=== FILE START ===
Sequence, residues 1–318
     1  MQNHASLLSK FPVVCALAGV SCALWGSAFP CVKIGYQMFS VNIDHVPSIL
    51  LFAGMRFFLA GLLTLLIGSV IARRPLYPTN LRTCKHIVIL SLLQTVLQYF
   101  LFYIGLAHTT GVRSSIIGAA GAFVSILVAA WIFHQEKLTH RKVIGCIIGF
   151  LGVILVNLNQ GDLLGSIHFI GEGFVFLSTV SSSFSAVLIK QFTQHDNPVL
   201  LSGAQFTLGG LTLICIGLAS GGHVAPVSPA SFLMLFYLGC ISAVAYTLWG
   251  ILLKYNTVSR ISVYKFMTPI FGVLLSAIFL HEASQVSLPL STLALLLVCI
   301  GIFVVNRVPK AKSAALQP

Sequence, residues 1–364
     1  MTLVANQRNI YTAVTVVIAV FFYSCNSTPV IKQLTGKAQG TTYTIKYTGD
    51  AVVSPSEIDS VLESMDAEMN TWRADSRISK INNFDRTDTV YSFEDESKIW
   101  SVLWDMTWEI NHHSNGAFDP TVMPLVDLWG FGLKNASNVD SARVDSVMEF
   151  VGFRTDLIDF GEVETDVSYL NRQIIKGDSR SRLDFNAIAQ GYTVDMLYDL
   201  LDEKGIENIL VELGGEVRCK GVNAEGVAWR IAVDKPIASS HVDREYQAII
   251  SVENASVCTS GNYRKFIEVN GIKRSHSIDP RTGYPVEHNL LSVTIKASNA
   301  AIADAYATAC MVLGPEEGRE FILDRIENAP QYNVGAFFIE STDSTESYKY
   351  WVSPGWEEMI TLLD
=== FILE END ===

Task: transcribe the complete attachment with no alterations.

Sequence, residues 1–318
     1  MQNHASLLSK FPVVCALAGV SCALWGSAFP CVKIGYQMFS VNIDHVPSIL
    51  LFAGMRFFLA GLLTLLIGSV IARRPLYPTN LRTCKHIVIL SLLQTVLQYF
   101  LFYIGLAHTT GVRSSIIGAA GAFVSILVAA WIFHQEKLTH RKVIGCIIGF
   151  LGVILVNLNQ GDLLGSIHFI GEGFVFLSTV SSSFSAVLIK QFTQHDNPVL
   201  LSGAQFTLGG LTLICIGLAS GGHVAPVSPA SFLMLFYLGC ISAVAYTLWG
   251  ILLKYNTVSR ISVYKFMTPI FGVLLSAIFL HEASQVSLPL STLALLLVCI
   301  GIFVVNRVPK AKSAALQP

Sequence, residues 1–364
     1  MTLVANQRNI YTAVTVVIAV FFYSCNSTPV IKQLTGKAQG TTYTIKYTGD
    51  AVVSPSEIDS VLESMDAEMN TWRADSRISK INNFDRTDTV YSFEDESKIW
   101  SVLWDMTWEI NHHSNGAFDP TVMPLVDLWG FGLKNASNVD SARVDSVMEF
   151  VGFRTDLIDF GEVETDVSYL NRQIIKGDSR SRLDFNAIAQ GYTVDMLYDL
   201  LDEKGIENIL VELGGEVRCK GVNAEGVAWR IAVDKPIASS HVDREYQAII
   251  SVENASVCTS GNYRKFIEVN GIKRSHSIDP RTGYPVEHNL LSVTIKASNA
   301  AIADAYATAC MVLGPEEGRE FILDRIENAP QYNVGAFFIE STDSTESYKY
   351  WVSPGWEEMI TLLD